Wednesday, January 31, 2007

Shooting in the clubs

By now, I’m sure you heard about the shooting inside Crush nightclub on Sunday night.

Apparently, two people suffered leg wounds.
When I first heard about it, I wasn’t surprised. Sundays at Crush draw what I call the white-T-shirt-gold-teeth crowd. It tends to be a young and rowdy crowd, sort of like the black equivalent to slam dancers.

I figured someone would eventually get shot at the popular Sunday night gathering.

Since the incident, I’ve learned that my assumption was incorrect. Yes, two people were injured. Yes, someone smuggled a gun into the club. But the shooting wasn’t the result of an altercation. Word on the street is that someone had a gun in his pants and he was jumping around while dancing. The gun went off.

I’m glad the shooting wasn’t intentional, but there are still some serious issues to address here.

First, I’m angry that a partier brought a gun into the club in the first place.

If Charlotte’s little wannabe-thugs would stop associating their manhood with violence, we wouldn’t be having this conversation. But time and time again, too many of the young men who wear oversized T-shirts and prefer rappers whose names start with “Lil’” act as if they go to the club to fight, not party. Guys, grow up.

Second, the club must improve security. They know who they draw on Sundays. I understand how shootings occur in club parking lots, but there’s no excuse for a gun to get inside a club.

I’m glad to know that since Sunday’s incident, the security guard in charge of pat-downs that night will no longer be used at Crush, and the club plans to start using metal detectors on Sundays as well (unfortunately, a measure that's overdue).

(BTW: I realize black clubgoers aren’t the only ones dealing with this. The same night the Crush incident happened, someone was killed at the Hispanic club El Vaquero in East Charlotte.)

What else can clubs do to improve security? What else can we do to get young knuckleheads to stop tripping in clubs?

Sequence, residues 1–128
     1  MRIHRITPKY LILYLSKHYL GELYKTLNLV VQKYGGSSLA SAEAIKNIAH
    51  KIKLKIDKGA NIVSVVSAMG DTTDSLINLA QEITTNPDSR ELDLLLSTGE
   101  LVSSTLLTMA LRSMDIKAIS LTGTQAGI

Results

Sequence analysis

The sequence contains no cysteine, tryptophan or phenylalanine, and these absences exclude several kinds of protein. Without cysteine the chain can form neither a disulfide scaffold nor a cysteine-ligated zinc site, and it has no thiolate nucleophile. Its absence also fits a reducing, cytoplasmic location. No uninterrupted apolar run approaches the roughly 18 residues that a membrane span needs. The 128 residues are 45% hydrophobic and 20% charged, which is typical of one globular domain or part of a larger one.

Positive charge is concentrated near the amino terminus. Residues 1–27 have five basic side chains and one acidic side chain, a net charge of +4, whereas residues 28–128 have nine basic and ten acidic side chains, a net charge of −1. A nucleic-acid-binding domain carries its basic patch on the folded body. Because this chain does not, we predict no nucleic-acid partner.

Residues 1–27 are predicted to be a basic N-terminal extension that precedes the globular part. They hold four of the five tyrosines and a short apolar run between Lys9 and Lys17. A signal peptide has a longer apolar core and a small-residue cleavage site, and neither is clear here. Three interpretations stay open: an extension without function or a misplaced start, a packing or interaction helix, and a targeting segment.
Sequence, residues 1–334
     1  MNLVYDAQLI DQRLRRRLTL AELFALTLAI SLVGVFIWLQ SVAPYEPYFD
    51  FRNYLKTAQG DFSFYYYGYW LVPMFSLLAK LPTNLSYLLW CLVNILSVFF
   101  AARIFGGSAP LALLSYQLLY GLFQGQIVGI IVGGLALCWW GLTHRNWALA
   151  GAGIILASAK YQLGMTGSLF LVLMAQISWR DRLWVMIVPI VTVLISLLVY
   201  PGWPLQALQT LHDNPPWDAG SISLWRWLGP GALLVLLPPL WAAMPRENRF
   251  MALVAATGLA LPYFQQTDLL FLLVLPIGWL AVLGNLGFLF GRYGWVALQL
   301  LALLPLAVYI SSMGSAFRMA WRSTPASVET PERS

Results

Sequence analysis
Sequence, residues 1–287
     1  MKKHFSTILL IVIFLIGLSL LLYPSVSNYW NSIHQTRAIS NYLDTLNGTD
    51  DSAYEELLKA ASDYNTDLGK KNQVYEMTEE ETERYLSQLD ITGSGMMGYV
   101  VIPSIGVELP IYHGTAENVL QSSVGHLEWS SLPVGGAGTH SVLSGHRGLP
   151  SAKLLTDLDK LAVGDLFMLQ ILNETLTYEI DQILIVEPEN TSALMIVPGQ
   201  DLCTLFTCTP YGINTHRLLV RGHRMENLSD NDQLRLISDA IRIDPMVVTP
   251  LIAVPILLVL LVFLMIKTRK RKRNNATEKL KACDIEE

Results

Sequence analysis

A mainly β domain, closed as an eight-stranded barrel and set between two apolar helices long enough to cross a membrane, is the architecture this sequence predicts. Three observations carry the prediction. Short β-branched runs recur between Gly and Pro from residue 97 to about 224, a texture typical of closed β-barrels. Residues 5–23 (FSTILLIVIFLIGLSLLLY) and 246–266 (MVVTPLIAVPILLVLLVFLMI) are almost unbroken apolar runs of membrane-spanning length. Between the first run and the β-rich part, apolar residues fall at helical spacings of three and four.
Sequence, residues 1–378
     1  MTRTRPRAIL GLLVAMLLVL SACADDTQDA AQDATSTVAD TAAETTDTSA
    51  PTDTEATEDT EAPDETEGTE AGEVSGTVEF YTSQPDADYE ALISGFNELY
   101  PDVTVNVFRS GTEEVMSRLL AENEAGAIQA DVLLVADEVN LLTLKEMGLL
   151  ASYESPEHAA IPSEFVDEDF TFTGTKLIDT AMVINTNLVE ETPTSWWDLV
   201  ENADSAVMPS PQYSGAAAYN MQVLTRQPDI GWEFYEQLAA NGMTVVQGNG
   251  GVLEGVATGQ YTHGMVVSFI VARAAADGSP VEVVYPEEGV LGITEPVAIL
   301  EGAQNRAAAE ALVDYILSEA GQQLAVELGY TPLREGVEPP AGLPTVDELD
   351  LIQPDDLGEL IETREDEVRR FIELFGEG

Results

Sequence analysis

Bobcats arena blackout over

The hip-hop and R&B blackout at Bobcats Arena is finally over. Jamie Foxx will bring his Unpredictable Tour there on March 23. Tickets go on sale Feb. 9. $59.75.; 1-800-495-2295.)

A couple of television news stations and some friends of mine have talked about the lack of hip-hop and R&B acts at the Arena since it opened. Some saw the lack of bookings among those types of artists as racist; I argue that there currently aren’t any good hip-hop and R&B tours to book at the arena.

I have absolutely, positively no desire to see Foxx, but I am glad he’s coming. He’s a good fit for the arena. His fans can afford the ticket price, and he’s popular enough to draw a decent crowd.

Right now, he’s all that hip-hop and R&B fans are going to get over there. Justin Timberlake is currently on tour. (He’s not black, but Michael Jackson isn’t either.) He and Christina Aguilera are the only acts currently touring in the U.S. who would draw hip-hop fans and do well in the Arena.

What do you think? Is the arena doing enough to get hip-hop and R&B acts? Who would you like to see perform there? Post your replies below.

Paella and salsa, life is good

I swung by the French restaurant Patou Bistro in Dilworth for a Latin party. I know that sounds weird, but it was the best stop I made Friday night.

When I walked in the door, men and women dipped and twirled to tango music. A DJ, set up in a corner, spun salsa, tango and Middle Eastern music. That’s what a call a mix. Do you know how refreshing it was to not hear one song that’s playing on the radio?

That wasn’t it, though. Before I could start snapping pictures of dancers who make me look like I have two right feet, I spied a gigantic wok thing.

My stomach pulled me to the left side of the restaurant in front of the bar, where a guy gently stirred the biggest skillet of paella (well, the only skillet of paella) that I’ve ever seen. He pushed around the layers of Spanish rice, peas, prawns and mussels. I wanted to stick my face in the skillet and bob for prawns, but I have home-training, so I didn’t.

I couldn’t wait for him to finish cooking. I migrated from the paella to the dance floor as couples and groups of women switched from salsa to tango to belly dancing and back to salsa. Other folks sat in booths talking.

The party drew was the coolest mix of Latin, Hispanic, black and white people (and those were Observer co-workers!) that I’ve seen in Charlotte in a few months. The Charlotte Tango Society and Charlotte Salsa hosted the debut event, which they called the World Mix Party. I can’t wait to attend the next one.

You know I’ll let you know when it happens, but if you want to get down with the group: